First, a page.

The High Ankle Sprain (Don’t Let This Happen To You. These SUCK.)

Your lower leg bones (tibia and fibula) are held together at the ankle by a group of soft tissues and ligaments called the “syndesmosis”. This connection prevents excessive spreading of these bones during normal activity, but injuries can cause these ligaments to be stretched or torn. This problem is called a “syndesmotic ankle sprain” or “high ankle sprain”. High ankle sprains often occur during contact sports (like football, hockey, and soccer) when your foot is planted while the rest of your body shifts forward and turns inward. High ankle sprains are much less common than other types of ankle sprains.

The pain of a high ankle sprain starts just above your ankle and runs up your shin. Interestingly, the “length” of pain correlates very closely to your severity of injury. Standing and walking is usually uncomfortable and sometimes unbearable. Bringing your toes toward your shin or rotating your foot outward will likely increase your pain. Significant bruising or swelling is possible. Be sure to tell your doctor if you notice numbness, tingling, or coldness in your foot.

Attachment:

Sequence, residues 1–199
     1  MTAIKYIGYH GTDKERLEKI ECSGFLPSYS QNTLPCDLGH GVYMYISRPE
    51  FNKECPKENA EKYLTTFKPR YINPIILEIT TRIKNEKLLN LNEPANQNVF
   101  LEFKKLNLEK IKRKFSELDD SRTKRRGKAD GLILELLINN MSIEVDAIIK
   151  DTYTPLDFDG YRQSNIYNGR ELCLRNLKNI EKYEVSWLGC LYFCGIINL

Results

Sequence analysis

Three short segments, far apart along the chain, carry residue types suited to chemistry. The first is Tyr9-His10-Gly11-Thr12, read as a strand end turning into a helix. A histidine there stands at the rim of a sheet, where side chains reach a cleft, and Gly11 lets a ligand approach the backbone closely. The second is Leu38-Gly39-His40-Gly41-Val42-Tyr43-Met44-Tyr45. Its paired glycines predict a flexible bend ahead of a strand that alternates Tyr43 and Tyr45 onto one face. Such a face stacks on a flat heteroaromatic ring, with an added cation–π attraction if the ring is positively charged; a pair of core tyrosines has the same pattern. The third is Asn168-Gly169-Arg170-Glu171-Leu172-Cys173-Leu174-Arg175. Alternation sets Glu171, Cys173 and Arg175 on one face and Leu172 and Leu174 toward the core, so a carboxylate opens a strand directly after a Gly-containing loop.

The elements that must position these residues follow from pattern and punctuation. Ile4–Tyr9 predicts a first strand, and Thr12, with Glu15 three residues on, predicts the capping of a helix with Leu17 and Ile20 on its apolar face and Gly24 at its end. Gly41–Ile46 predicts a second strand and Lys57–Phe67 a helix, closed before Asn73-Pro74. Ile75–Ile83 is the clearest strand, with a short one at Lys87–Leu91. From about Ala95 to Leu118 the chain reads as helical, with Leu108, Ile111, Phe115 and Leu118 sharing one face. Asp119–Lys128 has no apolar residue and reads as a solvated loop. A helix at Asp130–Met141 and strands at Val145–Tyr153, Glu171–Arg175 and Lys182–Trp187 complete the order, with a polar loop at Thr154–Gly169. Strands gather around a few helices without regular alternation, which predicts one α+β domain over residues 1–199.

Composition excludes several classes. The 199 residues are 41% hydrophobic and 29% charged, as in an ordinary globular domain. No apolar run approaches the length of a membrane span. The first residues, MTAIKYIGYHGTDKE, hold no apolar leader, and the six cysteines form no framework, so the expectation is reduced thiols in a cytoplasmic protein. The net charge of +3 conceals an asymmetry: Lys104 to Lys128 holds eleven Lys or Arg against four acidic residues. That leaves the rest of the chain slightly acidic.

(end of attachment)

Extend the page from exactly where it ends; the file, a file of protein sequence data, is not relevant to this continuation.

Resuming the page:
Ankles that have suffered a complete separation usually require surgery, since they will have lost the ability to push off, propel, and cut. Most other stable sprains will respond to conservative care, like the type provided in this office. It is important to recognize that high ankle sprains heal more slowly than other types of ankle sprains. The average recovery time for a syndesmotic sprain is between two and seven weeks but some injuries may require up to four months away from your sport. You may need to wear a boot or avoid weight bearing for a period of time. Ice may help to limit swelling initially, and the home exercises described below are an important part of your recovery.

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